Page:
If you have been arrested or detained in Jackson, Mississippi, police officers might read you your Miranda rights. The Miranda warning is a statement that police are required to read to a detained or arrested individual before questioning them. These rights involve informing a suspect about basic rights that they have under the law. These rights include, the right to remain silent. When officers read their Miranda warnings, they also inform suspects that anything they say or do could be used against them in court. Finally, the Miranda rights inform a suspect that he or she has the right to have a lawyer present during questioning and that if a suspect cannot afford a lawyer, one can be appointed. If you have been arrested, you can tell officers that you choose to remain silent, and that you’d like to speak to your lawyer.
Miranda warnings are read to inform suspects or individuals subject to questioning that they have protections against self-incrimination and that they have the right to counsel, that is, the right to a lawyer. Miranda warnings are only required if a person is in custody, or otherwise deprived of their freedom, and where police want to question or interrogate a suspect. Police do not have to read a person his or her Miranda warnings if he or she isn’t under custody or isn’t being detained. This is an important distinction, because sometimes an officer might stop a person on the street or might ask a person questions during a police stop. If you are not being detained or under arrest, officers might not need to read you your Miranda warnings and may still be able to admit any evidence they get from you in this situation. This is why if you are facing any kind of police questioning, even if you are not under arrest, it could be helpful to speak to a criminal defense lawyer before answering any questions. Basically, if you are unsure about your rights when interacting with police, talking to a lawyer first might be a good idea.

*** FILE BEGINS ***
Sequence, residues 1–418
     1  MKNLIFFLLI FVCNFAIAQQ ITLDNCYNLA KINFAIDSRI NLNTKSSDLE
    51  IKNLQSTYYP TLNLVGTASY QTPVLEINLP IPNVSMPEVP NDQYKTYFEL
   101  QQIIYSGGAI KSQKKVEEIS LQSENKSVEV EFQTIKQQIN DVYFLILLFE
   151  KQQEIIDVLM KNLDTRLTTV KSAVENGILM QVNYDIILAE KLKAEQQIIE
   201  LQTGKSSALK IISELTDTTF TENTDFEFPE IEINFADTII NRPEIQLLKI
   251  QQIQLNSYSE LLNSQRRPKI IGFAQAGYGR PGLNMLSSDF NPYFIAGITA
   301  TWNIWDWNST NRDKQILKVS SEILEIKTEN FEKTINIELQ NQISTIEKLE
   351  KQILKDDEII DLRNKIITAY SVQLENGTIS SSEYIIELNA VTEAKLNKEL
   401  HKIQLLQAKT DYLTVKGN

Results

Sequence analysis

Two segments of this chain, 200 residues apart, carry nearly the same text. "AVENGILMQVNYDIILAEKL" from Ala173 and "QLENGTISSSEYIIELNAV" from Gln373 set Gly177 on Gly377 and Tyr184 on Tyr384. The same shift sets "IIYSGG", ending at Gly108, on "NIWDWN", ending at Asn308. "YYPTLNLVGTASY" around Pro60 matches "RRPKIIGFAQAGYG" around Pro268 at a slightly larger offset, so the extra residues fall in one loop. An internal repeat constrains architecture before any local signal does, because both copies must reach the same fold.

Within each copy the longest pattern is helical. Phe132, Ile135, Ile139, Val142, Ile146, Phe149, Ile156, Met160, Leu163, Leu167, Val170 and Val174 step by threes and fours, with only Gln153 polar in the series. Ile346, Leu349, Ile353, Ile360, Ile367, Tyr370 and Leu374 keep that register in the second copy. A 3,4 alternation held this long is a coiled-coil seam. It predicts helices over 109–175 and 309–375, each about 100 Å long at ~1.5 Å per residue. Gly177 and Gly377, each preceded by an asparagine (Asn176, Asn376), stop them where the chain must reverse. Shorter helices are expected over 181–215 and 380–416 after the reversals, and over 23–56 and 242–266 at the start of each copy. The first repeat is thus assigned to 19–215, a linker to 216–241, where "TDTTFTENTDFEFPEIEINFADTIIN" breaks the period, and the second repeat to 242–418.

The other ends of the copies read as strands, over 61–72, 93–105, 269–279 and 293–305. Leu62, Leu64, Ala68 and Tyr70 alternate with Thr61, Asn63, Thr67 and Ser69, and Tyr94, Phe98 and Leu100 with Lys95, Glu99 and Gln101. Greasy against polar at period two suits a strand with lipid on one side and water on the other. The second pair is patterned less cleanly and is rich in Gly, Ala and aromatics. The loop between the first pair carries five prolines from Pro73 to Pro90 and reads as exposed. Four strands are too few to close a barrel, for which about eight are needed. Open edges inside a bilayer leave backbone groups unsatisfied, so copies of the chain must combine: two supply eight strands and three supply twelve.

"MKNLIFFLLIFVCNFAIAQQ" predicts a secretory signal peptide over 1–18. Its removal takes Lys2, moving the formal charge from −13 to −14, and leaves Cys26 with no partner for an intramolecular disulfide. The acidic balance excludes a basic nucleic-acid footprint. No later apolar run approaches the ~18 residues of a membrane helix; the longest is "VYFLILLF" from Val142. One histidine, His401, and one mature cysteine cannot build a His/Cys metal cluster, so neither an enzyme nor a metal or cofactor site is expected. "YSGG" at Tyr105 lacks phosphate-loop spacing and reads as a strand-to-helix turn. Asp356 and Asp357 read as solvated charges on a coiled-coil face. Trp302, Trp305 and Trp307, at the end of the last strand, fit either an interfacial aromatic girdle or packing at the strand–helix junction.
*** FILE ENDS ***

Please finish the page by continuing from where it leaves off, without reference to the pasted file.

If officers fail to read you your Miranda rights after arresting you or detaining you, any information gathered while questioning you might not be admissible in court. That said, any evidence officers might have gathered outside of police questioning will generally still be admissible. So, even if an officer fails to read you your Miranda rights, you could still face prosecution. If you are under arrest in Jackson, Mississippi or have been brought in for police questioning, you may want to protect your rights. Ballard Law, PLLC is a criminal defense law firm in Jackson, Mississippi that works with clients facing a range of charges including DUIs, misdemeanors, felonies, and drug possession charges. Our criminal defense lawyers can be present when officers question you and can stand beside you to help defend your innocence and get you the best possible outcome for your case.
What is Self-Incrimination?
Under the Fifth Amendment of the Constitution, individuals are protected from being forced to serve as a witness against themselves in a criminal case. This is important because it protects a defendant from having to take the stand in a criminal case. This protection also extends to the fact that the prosecution cannot use the defendant’s decision to not take the stand against them. A person has the right to remain silent and the choice to remain silent cannot be used as evidence of a person’s guilt. This also protects a person from having to answer questions police might ask during a criminal investigation. Basically, individuals have the right to remain silent if they have been arrested or detained by police. If you are under investigation for a crime or have been arrested for a crime, you also have the right to have a lawyer present when police question you. A lawyer can defend you and protect your rights during this process. You are innocent until proven guilty. The criminal defense lawyers at Ballard Law, PLLC in Jackson, Mississippi may be able to defend you if you are facing criminal charges. Have questions about your rights? Contact our firm today.
Facing Questions By Police?
According to the ACLU, you are not required to answer any questions asked by police. The only exception to this rule is that if police ask you your name, you may be required to provide it. And if you are pulled over by an officer, you may also be required to show your driver’s license, vehicle registration, and proof of insurance. Beyond this, you have the right to remain silent. Have questions about your rights under the law? Contact Ballard Law, PLLC, a criminal defense law firm in Jackson, Mississippi. Our attorneys can review your situation, and can stand beside you if you are facing police questioning. Contact us today or connect with us through USAttorneys.com.